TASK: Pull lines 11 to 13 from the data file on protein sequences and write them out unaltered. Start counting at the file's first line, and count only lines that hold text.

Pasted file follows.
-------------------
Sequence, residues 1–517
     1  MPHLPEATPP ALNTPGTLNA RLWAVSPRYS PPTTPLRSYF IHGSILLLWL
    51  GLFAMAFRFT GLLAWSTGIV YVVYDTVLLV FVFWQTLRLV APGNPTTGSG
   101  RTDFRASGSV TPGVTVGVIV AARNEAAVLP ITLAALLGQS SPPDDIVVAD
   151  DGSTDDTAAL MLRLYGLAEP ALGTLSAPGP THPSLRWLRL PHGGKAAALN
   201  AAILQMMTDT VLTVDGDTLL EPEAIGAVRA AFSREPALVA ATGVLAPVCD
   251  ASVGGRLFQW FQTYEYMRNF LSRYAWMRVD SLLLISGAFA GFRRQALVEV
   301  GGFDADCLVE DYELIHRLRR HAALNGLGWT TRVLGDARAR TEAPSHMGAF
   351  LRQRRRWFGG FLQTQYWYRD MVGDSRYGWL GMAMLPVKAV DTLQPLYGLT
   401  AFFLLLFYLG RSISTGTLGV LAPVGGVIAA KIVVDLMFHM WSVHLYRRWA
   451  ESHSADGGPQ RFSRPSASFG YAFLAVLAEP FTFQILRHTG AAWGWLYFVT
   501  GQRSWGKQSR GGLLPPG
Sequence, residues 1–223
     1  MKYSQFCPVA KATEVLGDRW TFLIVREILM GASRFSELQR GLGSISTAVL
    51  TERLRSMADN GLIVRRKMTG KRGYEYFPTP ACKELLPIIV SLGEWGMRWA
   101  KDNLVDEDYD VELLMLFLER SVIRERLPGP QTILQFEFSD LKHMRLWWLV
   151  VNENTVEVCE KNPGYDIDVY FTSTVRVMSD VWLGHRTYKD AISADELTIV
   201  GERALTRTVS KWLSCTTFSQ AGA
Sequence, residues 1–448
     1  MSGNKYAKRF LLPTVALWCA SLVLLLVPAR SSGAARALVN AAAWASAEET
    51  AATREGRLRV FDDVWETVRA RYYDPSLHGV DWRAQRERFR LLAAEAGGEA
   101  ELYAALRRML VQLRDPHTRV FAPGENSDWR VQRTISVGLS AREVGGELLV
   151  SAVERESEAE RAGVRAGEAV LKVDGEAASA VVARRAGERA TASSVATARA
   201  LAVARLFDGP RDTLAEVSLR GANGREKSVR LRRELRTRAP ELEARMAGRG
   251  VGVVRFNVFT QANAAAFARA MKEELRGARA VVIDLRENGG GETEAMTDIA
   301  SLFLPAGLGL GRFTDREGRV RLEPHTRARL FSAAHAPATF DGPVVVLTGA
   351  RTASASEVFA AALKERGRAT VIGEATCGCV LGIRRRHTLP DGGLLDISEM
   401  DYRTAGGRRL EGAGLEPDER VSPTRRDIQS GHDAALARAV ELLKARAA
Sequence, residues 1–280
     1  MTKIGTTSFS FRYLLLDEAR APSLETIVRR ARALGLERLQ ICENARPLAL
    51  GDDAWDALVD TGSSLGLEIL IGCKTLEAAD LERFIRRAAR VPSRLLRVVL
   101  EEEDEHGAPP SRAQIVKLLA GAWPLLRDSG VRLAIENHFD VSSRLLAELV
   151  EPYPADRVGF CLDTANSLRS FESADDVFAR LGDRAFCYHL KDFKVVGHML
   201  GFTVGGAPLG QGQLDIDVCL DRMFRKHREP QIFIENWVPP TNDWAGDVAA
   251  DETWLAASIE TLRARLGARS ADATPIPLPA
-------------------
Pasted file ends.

   451  ESHSADGGPQ RFSRPSASFG YAFLAVLAEP FTFQILRHTG AAWGWLYFVT
   501  GQRSWGKQSR GGLLPPG
Sequence, residues 1–223